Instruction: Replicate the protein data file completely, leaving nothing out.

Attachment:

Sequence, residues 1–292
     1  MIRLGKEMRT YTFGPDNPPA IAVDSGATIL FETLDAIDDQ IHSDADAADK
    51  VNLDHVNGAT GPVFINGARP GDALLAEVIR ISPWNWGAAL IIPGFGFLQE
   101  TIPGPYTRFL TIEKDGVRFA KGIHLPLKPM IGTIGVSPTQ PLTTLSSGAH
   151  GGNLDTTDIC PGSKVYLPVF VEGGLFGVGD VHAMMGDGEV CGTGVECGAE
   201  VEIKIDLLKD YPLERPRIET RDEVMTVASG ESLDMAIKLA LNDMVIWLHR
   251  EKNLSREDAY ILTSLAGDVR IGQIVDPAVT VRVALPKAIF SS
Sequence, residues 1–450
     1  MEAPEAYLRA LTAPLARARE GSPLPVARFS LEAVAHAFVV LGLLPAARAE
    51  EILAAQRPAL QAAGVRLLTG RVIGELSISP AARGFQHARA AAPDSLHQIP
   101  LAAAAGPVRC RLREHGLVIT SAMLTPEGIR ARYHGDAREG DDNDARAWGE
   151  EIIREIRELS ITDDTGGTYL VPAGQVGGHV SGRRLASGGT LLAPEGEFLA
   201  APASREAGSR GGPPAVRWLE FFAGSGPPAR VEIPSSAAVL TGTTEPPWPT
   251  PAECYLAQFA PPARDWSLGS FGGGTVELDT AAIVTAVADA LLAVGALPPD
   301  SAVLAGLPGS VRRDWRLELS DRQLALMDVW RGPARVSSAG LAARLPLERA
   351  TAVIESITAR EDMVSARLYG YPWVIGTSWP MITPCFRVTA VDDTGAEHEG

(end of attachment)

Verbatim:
Sequence, residues 1–292
     1  MIRLGKEMRT YTFGPDNPPA IAVDSGATIL FETLDAIDDQ IHSDADAADK
    51  VNLDHVNGAT GPVFINGARP GDALLAEVIR ISPWNWGAAL IIPGFGFLQE
   101  TIPGPYTRFL TIEKDGVRFA KGIHLPLKPM IGTIGVSPTQ PLTTLSSGAH
   151  GGNLDTTDIC PGSKVYLPVF VEGGLFGVGD VHAMMGDGEV CGTGVECGAE
   201  VEIKIDLLKD YPLERPRIET RDEVMTVASG ESLDMAIKLA LNDMVIWLHR
   251  EKNLSREDAY ILTSLAGDVR IGQIVDPAVT VRVALPKAIF SS
Sequence, residues 1–450
     1  MEAPEAYLRA LTAPLARARE GSPLPVARFS LEAVAHAFVV LGLLPAARAE
    51  EILAAQRPAL QAAGVRLLTG RVIGELSISP AARGFQHARA AAPDSLHQIP
   101  LAAAAGPVRC RLREHGLVIT SAMLTPEGIR ARYHGDAREG DDNDARAWGE
   151  EIIREIRELS ITDDTGGTYL VPAGQVGGHV SGRRLASGGT LLAPEGEFLA
   201  APASREAGSR GGPPAVRWLE FFAGSGPPAR VEIPSSAAVL TGTTEPPWPT
   251  PAECYLAQFA PPARDWSLGS FGGGTVELDT AAIVTAVADA LLAVGALPPD
   301  SAVLAGLPGS VRRDWRLELS DRQLALMDVW RGPARVSSAG LAARLPLERA
   351  TAVIESITAR EDMVSARLYG YPWVIGTSWP MITPCFRVTA VDDTGAEHEG